Energy Dissipation in Frame Structures using Sliding Lever Mechanism Technique

Muhammad Rizwan1, *, Muhammad Fahad1, Muhammad Naeem2, Mohammad Adil1
1 Department of Civil Engineering, University of Engineering and Technology Peshawar, Khyber Pakhtunkhwa, Pakistan.
2 CECOS University Peshawar Khyber Pakhtunkhwa Pakistan

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Creative Commons License
© 2021 Rizwan. et al.

open-access license: This is an open access article distributed under the terms of the Creative Commons Attribution 4.0 International Public License (CC-BY 4.0), a copy of which is available at: This license permits unrestricted use, distribution, and reproduction in any medium, provided the original author and source are credited.

* Address correspondence to this author at Department of Civil Engineering, University of Engineering and Technology Peshawar, Khyber Pakhtunkhwa, Pakistan; E-mail:



The aim of this study was to investigate the seismic energy dissipation mechanism of a novel and newly proposed sliding lever damping energy dissipation through dynamic shake table testing.


Typical energy dissipation systems consist of brace members and installed dampers, which are directly connected to structural members such as beams, columns and joint regions. This can cause additional load concentrations and may require retrofitting or strengthening of existing structures. In order to avoid the load demand on the main structural system, a new energy dissipation technique based on a sliding lever mechanism is proposed and tested through dynamic testing.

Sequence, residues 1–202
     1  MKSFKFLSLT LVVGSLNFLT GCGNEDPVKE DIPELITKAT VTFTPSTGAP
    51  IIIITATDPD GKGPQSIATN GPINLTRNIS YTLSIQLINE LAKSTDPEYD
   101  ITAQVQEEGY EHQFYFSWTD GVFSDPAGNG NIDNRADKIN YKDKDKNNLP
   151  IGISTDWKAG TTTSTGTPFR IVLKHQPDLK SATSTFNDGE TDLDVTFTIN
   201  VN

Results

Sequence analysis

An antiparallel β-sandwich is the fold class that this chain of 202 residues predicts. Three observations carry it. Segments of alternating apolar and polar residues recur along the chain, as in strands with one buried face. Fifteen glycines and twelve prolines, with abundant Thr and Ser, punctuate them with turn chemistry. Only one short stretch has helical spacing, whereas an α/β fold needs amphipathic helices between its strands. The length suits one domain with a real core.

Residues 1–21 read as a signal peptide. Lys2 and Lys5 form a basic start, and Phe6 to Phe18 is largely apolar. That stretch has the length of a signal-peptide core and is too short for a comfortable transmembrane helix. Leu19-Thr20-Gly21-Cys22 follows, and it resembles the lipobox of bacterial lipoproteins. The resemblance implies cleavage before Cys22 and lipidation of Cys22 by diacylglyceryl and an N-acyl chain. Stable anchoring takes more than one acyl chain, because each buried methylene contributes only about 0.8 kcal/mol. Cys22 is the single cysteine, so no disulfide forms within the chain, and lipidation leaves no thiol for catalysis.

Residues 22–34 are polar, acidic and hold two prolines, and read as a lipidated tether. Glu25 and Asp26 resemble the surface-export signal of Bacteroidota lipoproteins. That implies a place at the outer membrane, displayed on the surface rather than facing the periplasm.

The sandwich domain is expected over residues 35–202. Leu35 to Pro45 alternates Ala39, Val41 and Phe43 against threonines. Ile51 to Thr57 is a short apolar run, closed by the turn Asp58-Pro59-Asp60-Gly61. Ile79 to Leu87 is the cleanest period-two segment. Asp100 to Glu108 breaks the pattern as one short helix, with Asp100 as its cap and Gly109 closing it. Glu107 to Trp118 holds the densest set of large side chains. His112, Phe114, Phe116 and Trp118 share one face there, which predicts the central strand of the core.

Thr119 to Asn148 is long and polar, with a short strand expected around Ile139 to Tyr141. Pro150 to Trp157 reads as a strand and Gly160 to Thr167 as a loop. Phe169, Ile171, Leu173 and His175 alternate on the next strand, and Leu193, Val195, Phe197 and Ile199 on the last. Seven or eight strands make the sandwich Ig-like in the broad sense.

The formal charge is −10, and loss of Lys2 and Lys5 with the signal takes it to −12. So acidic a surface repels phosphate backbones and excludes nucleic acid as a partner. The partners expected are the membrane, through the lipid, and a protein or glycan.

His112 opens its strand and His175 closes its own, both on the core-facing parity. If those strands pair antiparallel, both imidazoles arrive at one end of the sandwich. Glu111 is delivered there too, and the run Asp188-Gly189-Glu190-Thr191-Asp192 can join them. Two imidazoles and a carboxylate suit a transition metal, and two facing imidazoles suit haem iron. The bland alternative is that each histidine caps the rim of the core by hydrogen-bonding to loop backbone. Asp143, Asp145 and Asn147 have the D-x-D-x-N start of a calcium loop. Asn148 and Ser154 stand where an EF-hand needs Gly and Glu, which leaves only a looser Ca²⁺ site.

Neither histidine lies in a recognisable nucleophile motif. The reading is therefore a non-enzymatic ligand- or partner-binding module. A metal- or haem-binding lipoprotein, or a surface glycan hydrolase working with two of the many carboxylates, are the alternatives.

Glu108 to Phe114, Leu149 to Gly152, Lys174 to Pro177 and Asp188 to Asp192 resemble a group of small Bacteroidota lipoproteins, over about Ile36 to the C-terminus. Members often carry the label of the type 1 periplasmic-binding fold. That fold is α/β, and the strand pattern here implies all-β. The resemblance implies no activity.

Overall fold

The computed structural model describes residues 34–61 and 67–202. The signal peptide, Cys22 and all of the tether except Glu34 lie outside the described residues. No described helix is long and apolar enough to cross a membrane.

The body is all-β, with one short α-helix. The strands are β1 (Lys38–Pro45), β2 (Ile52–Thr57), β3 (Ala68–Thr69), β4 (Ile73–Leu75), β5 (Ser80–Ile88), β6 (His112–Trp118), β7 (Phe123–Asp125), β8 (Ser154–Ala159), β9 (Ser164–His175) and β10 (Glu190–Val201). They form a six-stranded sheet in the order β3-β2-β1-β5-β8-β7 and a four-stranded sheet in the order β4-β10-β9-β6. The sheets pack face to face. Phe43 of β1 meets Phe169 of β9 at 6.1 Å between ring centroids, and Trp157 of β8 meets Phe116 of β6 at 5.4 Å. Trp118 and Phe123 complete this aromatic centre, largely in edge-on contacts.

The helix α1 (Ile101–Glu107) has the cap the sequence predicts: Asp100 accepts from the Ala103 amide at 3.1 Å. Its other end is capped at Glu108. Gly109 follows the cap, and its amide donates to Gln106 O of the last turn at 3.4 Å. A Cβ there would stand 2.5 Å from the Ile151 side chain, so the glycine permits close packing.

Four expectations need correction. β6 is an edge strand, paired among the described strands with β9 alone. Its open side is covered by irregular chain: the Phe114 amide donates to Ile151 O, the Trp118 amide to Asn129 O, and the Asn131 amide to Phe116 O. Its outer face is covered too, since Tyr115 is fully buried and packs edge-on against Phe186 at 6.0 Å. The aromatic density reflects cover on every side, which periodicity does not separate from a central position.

The objective of this study was to test a new sliding lever damping energy dissipation through dynamic shake table testing within the scope of steel frame structures.


In order to investigate the proposed energy dissipation configuration, a 1/3rd reduced scaled, three-story and one bay steel frame model has been fabricated and tested in a uni-directional shaking with increasing excitation and, without and with the new technique. For the sliding lever energy dissipation configuration, a non-structural frame (i.e., carrying no gravity loads) has been constructed and provided with an installed ramp-damper assembly. The shaking responses in the form of acceleration and displacement histories have been obtained during the experimental program and compared in order to check the efficiency of the proposed configuration.


The results showed a reduction of 55% to 6% in stories deflections and 36% to 12% in acceleration with the newly proposed sliding lever mechanism energy dissipation technique. The top story peak displacements for the damped frame case decreased by 36.55% in case of 0.1 g, 37.95% in case of 0.2g, 31.89% in case of 0.3g, 38.05% in case of 0.4g, 29.37% in case of 0.5g and 12.06% in case of 0.6g shaking excitation.


It has been confirmed from the current experimental studies that the new configuration was quite effective in reducing the overall displacement and acceleration response. The reduction in the structural response parameters was very significant during low excitation shaking, whereas, with the increase in shaking intensities, the responses varied with much less difference.

Keywords: Energy dissipation, Viscous dampers, Steel moment frame, Shake table test, Dissipating devices, Seismic energy, Scissor-jack energy dissipating system.